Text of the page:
The Who Sell Out: still a searing satire on pop’s commercial breakdown | The Who

These days, we think of the period between 1965 and 1967 as one of white-hot musical progress, a dizzying three-year period during which innovation followed innovation, a succession of totemic albums and singles were released and pop music changed irrevocably. But, as Jon Savage’s superb book 1966: The Year the Decade Exploded made clear, not everyone at the time was impressed with how things were going. Savage’s research revealed a succession of contemporary naysayers, devoted to “ringing the death knell” as he put it: 1966 – The Year Pop Went Flat was noted music journalist Maureen Cleave’s assessment of 12 months that had seen the release of Revolver, Blonde on Blonde, Reach Out (I’ll Be There), Eight Miles High, It’s a Man’s Man’s Man’s World and 19th Nervous Breakdown.

The most striking contemporary quote of all might be one that didn’t appear in Savage’s book. “People aren’t jiving in the listening boxes in record shops any more, like we did to a Cliff Richard ‘newie’,” it lamented, before qualifying: “I like some of the new sounds, purely as sound, that are coming out of pop music.”

It’s striking because the person who said it – who raised the spectre of Richard as an example of an innocence and excitement pop had supposedly lost – wasn’t a critic or commentator, or someone of the pre-Beatles generation left behind by pop’s relentless progress. It was the Who’s Pete Townshend, a man who’d done more than most to drag pop away from the world of jiving to a Cliff Richard “newie” and into the unknown.

The Who, from left, Keith Moon, Pete Townshend, John Entwistle and Roger Daltrey.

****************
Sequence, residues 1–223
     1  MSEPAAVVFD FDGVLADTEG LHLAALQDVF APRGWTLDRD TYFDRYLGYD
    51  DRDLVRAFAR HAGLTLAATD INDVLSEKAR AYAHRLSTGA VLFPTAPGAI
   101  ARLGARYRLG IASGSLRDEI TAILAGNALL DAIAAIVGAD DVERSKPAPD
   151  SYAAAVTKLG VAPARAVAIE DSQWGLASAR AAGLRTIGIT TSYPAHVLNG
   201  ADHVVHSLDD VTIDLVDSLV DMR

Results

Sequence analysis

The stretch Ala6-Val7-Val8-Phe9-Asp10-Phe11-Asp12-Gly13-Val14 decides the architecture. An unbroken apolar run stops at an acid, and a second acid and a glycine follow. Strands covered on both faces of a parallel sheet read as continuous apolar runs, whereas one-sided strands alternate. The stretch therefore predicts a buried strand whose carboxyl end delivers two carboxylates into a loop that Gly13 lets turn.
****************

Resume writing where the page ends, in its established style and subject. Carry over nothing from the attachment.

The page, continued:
The Who, from left, Keith Moon, Pete Townshend, John Entwistle and Roger Daltrey. Photograph: The Who

No band of their era appeared to hit the ground running in quite the way the Who did. They did things no British band had done before: smashing their equipment on stage; strafing their singles with abstract bursts of feedback-laden improvisation; writing songs about topics pop had never touched; issuing aggressively confrontational edicts in their lyrics and interviews (“They’re really a new form of crime,” suggested their manager Kit Lambert to the Observer in 1966, “armed against the bourgeois”); applying to music the visual art practice Townshend learned at Ealing Art College; writing long episodic songs and dubbing them “mini-operas”.

The stuff about Richard, the pace pop was moving at, its future and what it had lost along the way, wasn’t a passing thought, but something preyed on Townshend’s mind in 1966 and 67. He was ambivalent about the latest development, psychedelia, on one hand enthralled by the Pink Floyd and their frontman Syd Barrett, on the other, mocking psychedelia’s “purple skies and LSD” lyrical excesses and protesting: “I’ve heard all I want to of the last Beatles’ LP.”